I Am a Lung Transplant Recipient, and I Had COVID-19

I Am a Lung Transplant Recipient, and I Had COVID-19
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At the start of November, I was infected with COVID-19. My heart rammed repeatedly and rapidly against my sternum, which had been broken four years earlier by lung transplant surgeons. I was dizzy, reeling from the local health department’s phone call informing me of my exposure to a person with the virus.

Immediately, I knew I had the virus. The gut knows these things. I cursed myself for not being more careful, for taking stupid risks, for not embracing near-complete solitude.

But overthinking the past isn’t helpful in situations like these, so I smushed my feelings and snapped into survival mode. Many with cystic fibrosis know what I’m talking about: Your voice steadies and your body braces for pain. You crack your knuckles and start researching ways to kick your problem’s butt. Quickly, I popped vitamin D supplements and downed them with fresh orange juice, married my body to various vital sign monitors, and laid on my chest. Then, I left a message for my transplant doctors and contacted loved ones, repeating the familiar line of, “As usual, everyone is afraid for me except me. I’m an expert at being sick.” Classic CFer, huh?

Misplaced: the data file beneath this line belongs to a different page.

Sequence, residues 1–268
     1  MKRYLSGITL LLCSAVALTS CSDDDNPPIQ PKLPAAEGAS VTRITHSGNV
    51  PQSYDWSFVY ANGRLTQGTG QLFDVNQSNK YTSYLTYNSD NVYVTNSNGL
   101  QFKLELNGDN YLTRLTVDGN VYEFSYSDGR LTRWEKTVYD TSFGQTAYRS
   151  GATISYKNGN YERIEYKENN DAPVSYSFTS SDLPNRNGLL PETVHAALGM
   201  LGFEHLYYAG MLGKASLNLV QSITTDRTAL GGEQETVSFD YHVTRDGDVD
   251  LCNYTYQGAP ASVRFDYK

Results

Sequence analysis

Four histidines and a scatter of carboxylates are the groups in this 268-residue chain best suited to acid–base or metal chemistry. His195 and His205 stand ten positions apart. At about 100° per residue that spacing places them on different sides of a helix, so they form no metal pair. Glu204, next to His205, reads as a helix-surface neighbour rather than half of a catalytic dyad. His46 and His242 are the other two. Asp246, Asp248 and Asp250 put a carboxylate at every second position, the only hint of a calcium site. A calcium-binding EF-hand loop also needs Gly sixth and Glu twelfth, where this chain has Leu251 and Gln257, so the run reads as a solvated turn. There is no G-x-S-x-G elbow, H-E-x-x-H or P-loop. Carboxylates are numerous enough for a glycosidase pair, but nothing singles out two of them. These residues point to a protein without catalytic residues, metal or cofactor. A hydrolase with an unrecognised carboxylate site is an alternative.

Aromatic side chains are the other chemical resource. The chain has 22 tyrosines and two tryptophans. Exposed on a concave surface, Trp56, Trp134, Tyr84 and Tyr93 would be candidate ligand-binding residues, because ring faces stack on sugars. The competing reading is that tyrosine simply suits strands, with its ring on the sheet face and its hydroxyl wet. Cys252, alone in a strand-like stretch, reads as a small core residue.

Despite being an immunosuppressed, high-risk lung transplant recipient, it was ridiculously difficult to get a COVID-19 swab test. Two days passed before I got tested, then three more before I got my positive result. And this was before the Thanksgiving pandemic surge! By the time I got my results, I’d only experienced dizziness, a whole-head headache, confusion, and slight fatigue. I also had a two-day mild cough and congestion, plus borderline hypoxia, though my lung function remained stable.

That was the worst of my experience. I spent 20 days in quarantine, resting in gratitude that I was still alive.